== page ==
This is a genuine question. I’d like it if someone could answer.

My assumption is, while it’s obvious in some cases I’m sure, even the almost-drunkest can at least keep it together during an order. The story states: “Plymouth Deputy Police Chief Dan Plekkenpol tells us that condition isn’t meant to discourage employees from calling police when tomfoolery happens at Cowboy Jack’s”, but that’s exactly what’s going to happen. “Shit, did we already have one this month?” is going to linger behind every decision if someone starts to get real lary at Jack’s.

And it’ll happen. As the Midnight Group representative quoted pointed out, Cowboy Jack’s gets crowded. It isn’t like the Sunshine Factory, which I’m still not sure even exists. Even on Wednesdays, when I just want a burger and water, I’m lucky to get a seat. I never have that problem at Old Chicago, and I never had it at Digby’s.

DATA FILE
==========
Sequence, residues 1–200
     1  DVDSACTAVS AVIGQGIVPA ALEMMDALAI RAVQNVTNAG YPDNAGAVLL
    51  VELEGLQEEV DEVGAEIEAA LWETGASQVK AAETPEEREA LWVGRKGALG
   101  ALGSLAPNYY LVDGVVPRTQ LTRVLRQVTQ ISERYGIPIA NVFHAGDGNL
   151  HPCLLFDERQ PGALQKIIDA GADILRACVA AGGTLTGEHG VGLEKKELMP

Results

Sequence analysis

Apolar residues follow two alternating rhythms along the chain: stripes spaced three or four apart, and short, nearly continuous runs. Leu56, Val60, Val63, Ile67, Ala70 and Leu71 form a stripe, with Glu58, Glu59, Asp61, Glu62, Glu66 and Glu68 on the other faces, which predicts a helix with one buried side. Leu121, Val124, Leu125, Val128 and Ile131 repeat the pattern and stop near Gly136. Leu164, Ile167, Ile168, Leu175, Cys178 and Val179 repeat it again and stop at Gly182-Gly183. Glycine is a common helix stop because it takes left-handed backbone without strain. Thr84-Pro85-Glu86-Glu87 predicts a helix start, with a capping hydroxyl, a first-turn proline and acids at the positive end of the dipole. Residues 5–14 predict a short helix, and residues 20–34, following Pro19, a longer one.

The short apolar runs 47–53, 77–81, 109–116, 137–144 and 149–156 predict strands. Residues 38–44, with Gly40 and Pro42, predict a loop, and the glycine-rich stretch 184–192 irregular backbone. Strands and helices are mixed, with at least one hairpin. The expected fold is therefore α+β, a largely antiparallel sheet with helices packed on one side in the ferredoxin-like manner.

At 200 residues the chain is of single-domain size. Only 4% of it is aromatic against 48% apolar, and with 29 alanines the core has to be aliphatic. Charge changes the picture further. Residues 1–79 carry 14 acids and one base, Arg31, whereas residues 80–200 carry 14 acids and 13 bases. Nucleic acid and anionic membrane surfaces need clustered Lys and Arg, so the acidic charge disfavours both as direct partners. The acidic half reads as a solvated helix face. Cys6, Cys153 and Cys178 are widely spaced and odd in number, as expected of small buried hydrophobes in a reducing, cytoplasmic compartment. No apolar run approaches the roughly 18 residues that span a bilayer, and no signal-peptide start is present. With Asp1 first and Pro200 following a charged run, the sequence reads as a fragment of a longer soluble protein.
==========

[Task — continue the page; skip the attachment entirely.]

Second, it sends the wrong message to drunk-drivers, rabble-rousers, and people with serious alcohol problems: It’s the bar’s fault, not yours. Punishing a business for housing the wrong crowd doesn’t get rid of the crowd, it just spreads it out. If I’m Buffalo Wild Wings, I’m watching this story with restless legs — should Jack’s lose their license, that’s where their crowd likely winds up. They’ll get their last drink in Plymouth someplace.

Maybe not, though. Perhaps they’ll simply drunk-steer to St. Louis Park or the downtown Minneapolis Jack’s for their nightcaps. That’s especially unfortunate, and exponentially more dangerous, but this doesn’t seem to be about solving a problem for the City of Plymouth as much as it is just making sure it’s not theirs.


  1. Thank you so much for this. Just to correct you a little. There are 2 really great bands that play there. I suggest asking the staff who they are so you don’t end up with a “Crappy” one next time